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Our 15 Favorite Winter Squash Varieties

Baldor Editors Dec 4 , 2015

Squash Chart

Winter squashes are so versatile you can work them into any course.  Problem is, there are so many varieties that it can be difficult to choose. Here’s a quick Squash 101 to help you work a new squash into your repertoire. 

1 - Orange Pumpkins – the best use for this squash is decorative. The traditional large, round, orange pumpkins that personify autumn contain very stringy, bland flesh with tons of seeds. You’re better off using Butternut squash for any recipe calling for pumpkin flesh.

2 - Orange or Blue Hubbard Squash - Very large and round with tapered ends; even a small Hubbard weighs up to 10 lbs. The tough, bumpy shell is either deep orange or blue-gray. The meat is inside is bright orange and sweet, but rather mealy and watery. For this reason Hubbards are either cooked into soups, stuffing and stews or used as a decoration. The halved shells also make attractive soup tureens.

3 - Calabaza Squash - This is actually a West Indian pumpkin, extremely large and favored by Latin Americans.  The flesh is silky and fibrous texture with sweet, mild flavor. Calabaza is not really good for roasting; it’s mostly grated into savory dishes.

4 - Spaghetti Squash - This popular football-shaped squash is distinguished by its smooth, light or bright yellow skin. The mild, white flesh inside has a hint of nuttiness and a fibrous, stringy texture which separates into pasta-like strands when cooked. Most people bake spaghetti squash and shred the flesh with a fork before topping with butter or tomato sauce, like a dish of spaghetti.

5 - Buttercup – resembles as small green pumpkin with square-ish sides and a distinct nubby ring on the underside. The sweet orange flesh is rich and recalls the flavor of white potatoes.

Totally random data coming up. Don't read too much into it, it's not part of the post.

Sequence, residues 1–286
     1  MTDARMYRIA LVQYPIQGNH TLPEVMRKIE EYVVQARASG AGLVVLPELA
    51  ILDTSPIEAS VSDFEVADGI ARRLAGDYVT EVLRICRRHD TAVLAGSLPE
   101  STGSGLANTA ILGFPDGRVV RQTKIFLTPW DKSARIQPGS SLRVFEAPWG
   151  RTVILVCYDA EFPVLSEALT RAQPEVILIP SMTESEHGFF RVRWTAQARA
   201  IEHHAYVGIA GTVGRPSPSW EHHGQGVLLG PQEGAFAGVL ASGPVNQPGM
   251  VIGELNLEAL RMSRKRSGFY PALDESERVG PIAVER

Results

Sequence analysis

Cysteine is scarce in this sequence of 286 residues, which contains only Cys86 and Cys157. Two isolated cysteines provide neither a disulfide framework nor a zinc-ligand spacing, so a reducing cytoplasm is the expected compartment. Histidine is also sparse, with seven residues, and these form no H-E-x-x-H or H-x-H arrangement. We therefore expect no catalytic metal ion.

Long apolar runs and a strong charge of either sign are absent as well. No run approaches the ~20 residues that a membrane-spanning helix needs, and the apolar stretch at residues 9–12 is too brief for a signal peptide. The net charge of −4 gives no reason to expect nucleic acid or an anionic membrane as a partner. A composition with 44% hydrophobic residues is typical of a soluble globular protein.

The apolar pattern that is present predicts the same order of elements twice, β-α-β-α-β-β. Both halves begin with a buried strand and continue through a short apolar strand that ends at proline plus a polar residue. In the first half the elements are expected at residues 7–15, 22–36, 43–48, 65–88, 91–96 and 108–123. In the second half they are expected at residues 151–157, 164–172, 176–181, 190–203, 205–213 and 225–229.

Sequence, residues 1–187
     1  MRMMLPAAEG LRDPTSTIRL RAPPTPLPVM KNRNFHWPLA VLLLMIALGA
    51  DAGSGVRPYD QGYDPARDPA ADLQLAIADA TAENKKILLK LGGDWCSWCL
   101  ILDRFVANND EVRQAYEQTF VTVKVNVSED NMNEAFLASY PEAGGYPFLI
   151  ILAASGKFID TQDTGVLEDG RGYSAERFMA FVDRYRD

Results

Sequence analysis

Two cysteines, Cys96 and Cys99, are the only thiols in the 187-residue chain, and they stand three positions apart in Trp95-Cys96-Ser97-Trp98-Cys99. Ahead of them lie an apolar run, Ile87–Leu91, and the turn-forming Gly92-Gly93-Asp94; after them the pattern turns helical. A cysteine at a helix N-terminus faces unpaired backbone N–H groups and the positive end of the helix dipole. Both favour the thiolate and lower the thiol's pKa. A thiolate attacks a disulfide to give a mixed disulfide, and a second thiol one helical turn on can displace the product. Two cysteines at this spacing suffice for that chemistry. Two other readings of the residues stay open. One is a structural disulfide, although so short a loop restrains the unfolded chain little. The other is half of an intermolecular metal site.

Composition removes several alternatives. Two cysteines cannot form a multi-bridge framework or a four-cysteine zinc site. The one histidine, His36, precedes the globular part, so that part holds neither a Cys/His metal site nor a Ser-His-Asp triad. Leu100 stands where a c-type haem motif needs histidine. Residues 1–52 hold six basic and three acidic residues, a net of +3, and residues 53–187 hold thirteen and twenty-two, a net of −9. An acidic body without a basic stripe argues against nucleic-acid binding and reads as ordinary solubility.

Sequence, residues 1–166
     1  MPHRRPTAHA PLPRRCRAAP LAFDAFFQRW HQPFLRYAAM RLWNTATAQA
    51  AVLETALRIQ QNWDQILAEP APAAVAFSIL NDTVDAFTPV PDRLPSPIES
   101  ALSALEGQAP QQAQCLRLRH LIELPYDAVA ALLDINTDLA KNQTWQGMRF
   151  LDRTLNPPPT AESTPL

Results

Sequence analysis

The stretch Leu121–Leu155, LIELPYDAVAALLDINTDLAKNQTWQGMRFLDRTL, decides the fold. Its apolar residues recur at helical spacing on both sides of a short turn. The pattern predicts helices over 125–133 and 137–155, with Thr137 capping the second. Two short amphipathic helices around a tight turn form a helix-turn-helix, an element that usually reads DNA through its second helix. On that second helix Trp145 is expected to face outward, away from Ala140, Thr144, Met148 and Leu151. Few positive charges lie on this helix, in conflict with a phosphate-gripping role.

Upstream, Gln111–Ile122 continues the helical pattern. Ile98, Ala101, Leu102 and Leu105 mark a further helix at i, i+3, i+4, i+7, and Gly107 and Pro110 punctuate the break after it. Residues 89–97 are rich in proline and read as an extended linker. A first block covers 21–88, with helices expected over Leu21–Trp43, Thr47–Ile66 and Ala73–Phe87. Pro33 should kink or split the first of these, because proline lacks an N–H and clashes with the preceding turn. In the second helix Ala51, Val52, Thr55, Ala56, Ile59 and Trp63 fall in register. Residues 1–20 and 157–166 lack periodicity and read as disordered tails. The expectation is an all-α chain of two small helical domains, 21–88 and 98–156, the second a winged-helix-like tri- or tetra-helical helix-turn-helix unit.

6, 7 & 8 -  Acorn (Green, White & Golden) - Squat, acorn-shaped with moist, creamy flesh and very mild flavor; usually enjoyed halved, baked and served in the shell with butter and brown sugar or maple syrup.

9 - Butternut Squash - Cylindrical-shaped squash with a bulbous end containing all its seeds. The skin is cream-tan and the cooked dark orange meat is dense, smooth and succulent with a fruity-sweet, nutty flavor. 

10 - Golden Nugget - These are small, neon-bright orange squashes that are shaped like small pumpkins. They usually show a little green around their stem, which is similar to a pumpkin stem. They are not as meaty as butternut squash relative to their size, but what flesh they do have is sweet and creamy.  

11 - Turk’s Turban Squash - Here is the most flamboyant-looking squash of all with its deep orange flat base and a crown of bright, multi-colored knobs on top. The apricot-colored flesh inside is fibrous and mild yet cooks up creamy and smooth.

12 - Carnival Squash - Interesting to look at, Carvinal squash has a squat, scalloped shape with striations of dark green, ivory and orange. The mild yellow flesh has somewhat fibrous texture.

13 - Red Kuri Squash - This vivid beauty is pumpkin-shaped with a tapered knob at top and scarlet-orange skin. Its orange flesh is mild and sweet with a texture on the dry side.

14 - Chayote Squash - This mild-flavored, light green squash contains large, inedible seeds and is used in salads, pureed into cream soups, steamed or sautéed with herbs.

15 - Delicata Squash - Long and oval like a small watermelon with tan and green grooves and yellow-orange skin, its  full-flavored golden flesh is somewhat fibrous and tastes a little like sweet corn. Delicata is good baked or stuffed and each squash is a perfect double serving. It is the most perishable of all squashes and will only keep a few weeks at room temperature.

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